He ran the line, the weapon firing at him as he moved, several shots striking his digital representation.
It hurt, in a different way. It made his whole body feel distant, like his brain was detached at the base of his skull, his vision going blurry, and his limbs moving sluggish. He needed to move, get a little further.
As he touched the building itself, he heard the weapons fire become distant. He was out of its range. His hand that was touching the server gave off a faint glow, and as Fuller twitched his fingers, a display opened up on its side.
“Talkback,” He said, “Search for transmissions on the date of our mission, and the day before. Make it quick.”
The construct hummed, and he could see information flowing past his fingers. It was all useless garbage, work schedules, HR payroll, building entry codes.
“I have it, sir,” Talkback said. The display began multiplying, and sound recordings began in unison.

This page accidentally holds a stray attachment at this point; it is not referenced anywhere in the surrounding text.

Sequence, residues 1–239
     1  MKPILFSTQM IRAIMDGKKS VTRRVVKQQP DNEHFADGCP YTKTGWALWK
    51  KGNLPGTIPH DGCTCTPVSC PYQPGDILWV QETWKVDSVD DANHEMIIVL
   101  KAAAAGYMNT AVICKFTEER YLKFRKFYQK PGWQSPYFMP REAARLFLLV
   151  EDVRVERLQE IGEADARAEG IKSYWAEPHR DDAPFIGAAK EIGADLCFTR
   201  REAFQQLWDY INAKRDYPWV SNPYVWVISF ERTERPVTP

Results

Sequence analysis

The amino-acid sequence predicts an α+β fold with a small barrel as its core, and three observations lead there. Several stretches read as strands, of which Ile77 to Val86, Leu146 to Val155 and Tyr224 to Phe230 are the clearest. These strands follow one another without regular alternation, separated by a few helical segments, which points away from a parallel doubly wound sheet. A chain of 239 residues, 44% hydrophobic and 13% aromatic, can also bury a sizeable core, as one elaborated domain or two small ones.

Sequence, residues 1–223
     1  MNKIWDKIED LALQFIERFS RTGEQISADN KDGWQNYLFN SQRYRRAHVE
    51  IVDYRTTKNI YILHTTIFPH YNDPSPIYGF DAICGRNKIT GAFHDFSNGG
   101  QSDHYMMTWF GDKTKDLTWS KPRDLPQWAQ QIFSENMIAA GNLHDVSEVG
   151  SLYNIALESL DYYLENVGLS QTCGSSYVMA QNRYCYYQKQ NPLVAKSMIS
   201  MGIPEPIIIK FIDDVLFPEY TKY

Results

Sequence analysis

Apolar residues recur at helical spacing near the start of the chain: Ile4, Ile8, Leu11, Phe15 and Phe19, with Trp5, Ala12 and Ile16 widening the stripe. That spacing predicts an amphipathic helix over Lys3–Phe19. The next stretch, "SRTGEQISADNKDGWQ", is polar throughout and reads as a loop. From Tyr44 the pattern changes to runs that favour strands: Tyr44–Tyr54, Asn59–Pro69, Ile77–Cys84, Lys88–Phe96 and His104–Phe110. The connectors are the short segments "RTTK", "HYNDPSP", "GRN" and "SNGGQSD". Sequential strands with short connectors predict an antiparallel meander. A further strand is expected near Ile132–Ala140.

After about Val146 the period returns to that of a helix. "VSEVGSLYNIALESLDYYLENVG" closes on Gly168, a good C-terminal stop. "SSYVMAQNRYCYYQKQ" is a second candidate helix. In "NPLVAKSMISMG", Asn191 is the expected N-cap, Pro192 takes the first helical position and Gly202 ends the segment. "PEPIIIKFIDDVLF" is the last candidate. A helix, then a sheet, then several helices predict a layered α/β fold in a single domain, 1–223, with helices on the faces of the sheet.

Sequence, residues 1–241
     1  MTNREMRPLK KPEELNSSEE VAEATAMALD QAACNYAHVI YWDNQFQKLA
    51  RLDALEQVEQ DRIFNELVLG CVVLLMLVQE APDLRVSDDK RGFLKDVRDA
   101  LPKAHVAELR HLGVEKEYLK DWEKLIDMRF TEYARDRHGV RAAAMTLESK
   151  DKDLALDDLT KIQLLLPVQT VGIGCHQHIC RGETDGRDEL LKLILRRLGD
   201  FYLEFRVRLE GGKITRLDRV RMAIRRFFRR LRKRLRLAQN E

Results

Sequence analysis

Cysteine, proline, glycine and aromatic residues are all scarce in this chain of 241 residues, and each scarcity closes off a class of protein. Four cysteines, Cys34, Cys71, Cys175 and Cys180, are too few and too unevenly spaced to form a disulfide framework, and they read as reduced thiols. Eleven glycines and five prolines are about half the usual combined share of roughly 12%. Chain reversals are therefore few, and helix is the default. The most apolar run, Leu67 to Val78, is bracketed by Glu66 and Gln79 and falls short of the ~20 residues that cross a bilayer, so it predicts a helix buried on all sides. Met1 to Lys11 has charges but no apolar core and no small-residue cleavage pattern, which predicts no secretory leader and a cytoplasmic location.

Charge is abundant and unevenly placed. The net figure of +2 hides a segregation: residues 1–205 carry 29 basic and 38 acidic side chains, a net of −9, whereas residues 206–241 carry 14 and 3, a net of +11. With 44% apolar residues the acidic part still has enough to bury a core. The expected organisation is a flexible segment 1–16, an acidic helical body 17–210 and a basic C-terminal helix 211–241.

It was a chaotic noise, but he tried to concentrate.
“The second one,” He said. The other recordings stopped.
“If you move,” The voice said, “I’m out of there. That’s it. I’m not going to be caught in the middle of that.”
It was the skinny man.
“You’ll be taken care of, Dedrick,” Another voice said, this one unnaturally deep. Maybe modified.
“I’ve traced the source address to closest location, Sir.” Talkback said.
It was for the best. His head felt like it was stuffed with cotton. His digital body was full of holes, and he didn’t want to risk losing everything over some idiot on the phone.
His digital body vanished, and he opened his eyes to his desk. He felt sore, but that was the worst of it.